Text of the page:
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bdmazur
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I recently started a masters program in Education and have already learned so much about the ways education COULD be if our society would A) be willing to pay for it and B) come to an understanding about the PURPOSE of schooling.

With all the debates about violence/guns, bullying, mental health, racism, classism, sexism, etc., it ultimately all comes down to the way our kids are learning (and how their teachers are modeling) emotional and social behaviors.

We need to stop caring exclusively about how much information is downloaded into kids' heads and instead give them room to react to it. Kids need to be able to experience what it is they are learning. Teens especially need to learn responsibility not through just menial homework assignments but through actual self-planned project design where they can make choices based on personal interests. Students of all ages need to learn what it means to be a part of a community and to operate as such, where personal accomplishment is celebrated while at the same time understanding that when we let one person fail, we all fail. They need to learn how to both give and receive care, regardless of who it goes to and who it comes from.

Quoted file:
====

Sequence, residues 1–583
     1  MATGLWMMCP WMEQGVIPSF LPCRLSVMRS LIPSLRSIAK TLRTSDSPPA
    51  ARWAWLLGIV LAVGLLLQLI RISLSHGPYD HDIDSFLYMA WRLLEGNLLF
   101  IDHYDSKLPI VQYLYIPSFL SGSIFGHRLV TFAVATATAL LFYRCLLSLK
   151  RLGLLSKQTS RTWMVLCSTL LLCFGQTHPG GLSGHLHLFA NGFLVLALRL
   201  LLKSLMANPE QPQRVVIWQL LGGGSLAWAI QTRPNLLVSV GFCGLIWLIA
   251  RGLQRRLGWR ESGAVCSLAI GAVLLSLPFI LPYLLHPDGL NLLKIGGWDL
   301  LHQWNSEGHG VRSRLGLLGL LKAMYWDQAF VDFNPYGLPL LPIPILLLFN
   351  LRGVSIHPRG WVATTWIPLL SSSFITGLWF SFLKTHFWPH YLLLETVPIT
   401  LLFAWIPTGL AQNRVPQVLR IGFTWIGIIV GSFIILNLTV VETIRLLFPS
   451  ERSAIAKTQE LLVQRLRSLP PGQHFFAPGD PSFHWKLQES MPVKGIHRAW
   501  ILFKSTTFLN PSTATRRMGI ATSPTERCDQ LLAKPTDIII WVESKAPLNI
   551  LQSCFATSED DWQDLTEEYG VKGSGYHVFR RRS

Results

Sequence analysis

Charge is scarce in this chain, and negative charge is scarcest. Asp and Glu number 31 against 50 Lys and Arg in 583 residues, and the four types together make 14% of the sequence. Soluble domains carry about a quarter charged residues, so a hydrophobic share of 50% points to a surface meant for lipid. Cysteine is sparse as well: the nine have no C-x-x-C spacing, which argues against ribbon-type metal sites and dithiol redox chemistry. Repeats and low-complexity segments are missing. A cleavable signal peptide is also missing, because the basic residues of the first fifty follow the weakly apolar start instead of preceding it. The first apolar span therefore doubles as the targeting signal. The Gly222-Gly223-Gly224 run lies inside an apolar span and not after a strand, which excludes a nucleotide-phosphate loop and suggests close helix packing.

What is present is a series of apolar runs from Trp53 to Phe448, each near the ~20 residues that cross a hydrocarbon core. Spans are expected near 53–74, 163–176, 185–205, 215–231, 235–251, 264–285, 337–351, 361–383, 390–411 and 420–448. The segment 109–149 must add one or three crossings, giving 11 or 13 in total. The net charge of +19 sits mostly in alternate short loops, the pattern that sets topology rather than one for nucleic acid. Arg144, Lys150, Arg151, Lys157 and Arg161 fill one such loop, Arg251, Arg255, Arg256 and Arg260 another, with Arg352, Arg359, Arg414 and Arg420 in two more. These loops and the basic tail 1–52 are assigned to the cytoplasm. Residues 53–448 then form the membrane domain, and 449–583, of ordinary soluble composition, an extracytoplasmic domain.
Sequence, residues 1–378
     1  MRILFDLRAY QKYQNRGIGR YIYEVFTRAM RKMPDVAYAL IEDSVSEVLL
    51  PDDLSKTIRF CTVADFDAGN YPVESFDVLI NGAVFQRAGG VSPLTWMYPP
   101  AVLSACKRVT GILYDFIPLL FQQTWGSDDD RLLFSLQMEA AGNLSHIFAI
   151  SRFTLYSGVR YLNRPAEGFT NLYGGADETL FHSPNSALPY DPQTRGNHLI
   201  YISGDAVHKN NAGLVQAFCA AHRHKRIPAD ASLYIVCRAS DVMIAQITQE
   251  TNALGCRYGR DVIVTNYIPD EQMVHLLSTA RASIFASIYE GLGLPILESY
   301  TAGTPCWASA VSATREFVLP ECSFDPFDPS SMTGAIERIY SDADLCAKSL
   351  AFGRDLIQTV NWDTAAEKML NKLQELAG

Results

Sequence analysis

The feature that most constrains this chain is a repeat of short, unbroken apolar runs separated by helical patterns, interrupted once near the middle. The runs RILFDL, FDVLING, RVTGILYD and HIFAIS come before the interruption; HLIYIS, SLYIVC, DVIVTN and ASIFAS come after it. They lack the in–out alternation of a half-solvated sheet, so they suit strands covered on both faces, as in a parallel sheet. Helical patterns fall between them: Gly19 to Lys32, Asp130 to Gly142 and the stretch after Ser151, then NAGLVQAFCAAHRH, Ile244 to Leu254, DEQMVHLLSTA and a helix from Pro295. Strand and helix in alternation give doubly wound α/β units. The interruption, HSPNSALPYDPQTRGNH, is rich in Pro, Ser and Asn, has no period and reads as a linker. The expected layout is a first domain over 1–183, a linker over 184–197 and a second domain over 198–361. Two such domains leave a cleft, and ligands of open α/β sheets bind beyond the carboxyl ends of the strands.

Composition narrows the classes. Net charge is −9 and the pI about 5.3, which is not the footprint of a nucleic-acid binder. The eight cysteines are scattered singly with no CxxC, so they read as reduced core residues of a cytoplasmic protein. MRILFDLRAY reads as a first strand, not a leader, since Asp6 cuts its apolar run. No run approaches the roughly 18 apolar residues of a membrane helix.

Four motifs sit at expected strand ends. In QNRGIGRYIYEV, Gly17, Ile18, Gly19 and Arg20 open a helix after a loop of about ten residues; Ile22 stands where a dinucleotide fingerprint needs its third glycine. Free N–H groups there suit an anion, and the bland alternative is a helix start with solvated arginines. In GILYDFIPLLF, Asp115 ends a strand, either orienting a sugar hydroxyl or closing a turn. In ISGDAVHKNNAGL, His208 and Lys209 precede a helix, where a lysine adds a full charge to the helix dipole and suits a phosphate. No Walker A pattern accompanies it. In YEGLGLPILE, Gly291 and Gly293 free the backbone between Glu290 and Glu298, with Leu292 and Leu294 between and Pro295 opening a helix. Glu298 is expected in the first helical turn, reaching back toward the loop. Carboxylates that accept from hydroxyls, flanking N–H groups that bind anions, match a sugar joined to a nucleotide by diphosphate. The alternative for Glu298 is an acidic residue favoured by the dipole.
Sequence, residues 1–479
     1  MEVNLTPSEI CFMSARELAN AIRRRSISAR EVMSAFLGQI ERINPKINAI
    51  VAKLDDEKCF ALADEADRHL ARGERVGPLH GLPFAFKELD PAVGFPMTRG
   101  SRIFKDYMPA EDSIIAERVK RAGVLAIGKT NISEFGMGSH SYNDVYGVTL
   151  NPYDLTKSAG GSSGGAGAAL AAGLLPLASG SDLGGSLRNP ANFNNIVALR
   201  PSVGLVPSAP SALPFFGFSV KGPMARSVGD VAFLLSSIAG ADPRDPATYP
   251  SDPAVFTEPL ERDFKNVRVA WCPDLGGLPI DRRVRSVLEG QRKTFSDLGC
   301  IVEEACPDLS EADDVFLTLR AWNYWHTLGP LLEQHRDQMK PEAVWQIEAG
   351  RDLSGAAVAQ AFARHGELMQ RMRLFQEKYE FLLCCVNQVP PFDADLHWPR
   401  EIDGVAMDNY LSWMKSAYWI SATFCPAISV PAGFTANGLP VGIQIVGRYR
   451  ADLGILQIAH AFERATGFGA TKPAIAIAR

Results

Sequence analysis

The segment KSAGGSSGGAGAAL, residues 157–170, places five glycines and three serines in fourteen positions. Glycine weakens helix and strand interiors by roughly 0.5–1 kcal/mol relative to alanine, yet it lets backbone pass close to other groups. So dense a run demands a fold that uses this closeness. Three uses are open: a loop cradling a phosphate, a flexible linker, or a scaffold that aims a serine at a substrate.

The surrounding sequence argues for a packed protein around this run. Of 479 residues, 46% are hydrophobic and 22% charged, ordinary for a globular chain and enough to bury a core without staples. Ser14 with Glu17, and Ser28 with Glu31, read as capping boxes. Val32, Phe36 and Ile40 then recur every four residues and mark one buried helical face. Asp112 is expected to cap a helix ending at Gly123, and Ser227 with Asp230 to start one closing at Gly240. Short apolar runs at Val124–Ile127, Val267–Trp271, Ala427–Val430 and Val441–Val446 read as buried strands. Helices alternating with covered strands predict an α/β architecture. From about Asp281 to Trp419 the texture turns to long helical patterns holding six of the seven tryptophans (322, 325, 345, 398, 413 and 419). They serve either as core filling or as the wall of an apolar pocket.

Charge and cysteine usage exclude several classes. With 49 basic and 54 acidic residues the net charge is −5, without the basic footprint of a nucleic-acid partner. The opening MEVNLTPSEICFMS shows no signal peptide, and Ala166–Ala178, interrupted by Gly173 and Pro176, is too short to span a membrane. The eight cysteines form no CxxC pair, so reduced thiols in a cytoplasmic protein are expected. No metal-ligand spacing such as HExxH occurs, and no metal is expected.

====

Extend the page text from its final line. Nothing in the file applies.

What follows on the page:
I loved the student walkout yesterday, not because of my views on guns but because 1 million teens across the country EXPERIENCED what it is like to be a part of a movement and to express their voice. It gives me confidence that the incoming generation of young adults will be drastically more active in society than my peer group of Xennials were. Some are trying to squash out their newfound voices, calling them immature or rebellious, when really what they are doing is mirroring the example set by adults who have felt disenfranchised or ignored. If we don't take the time to teach them purpose, context, and articulation, then we set them up for failure.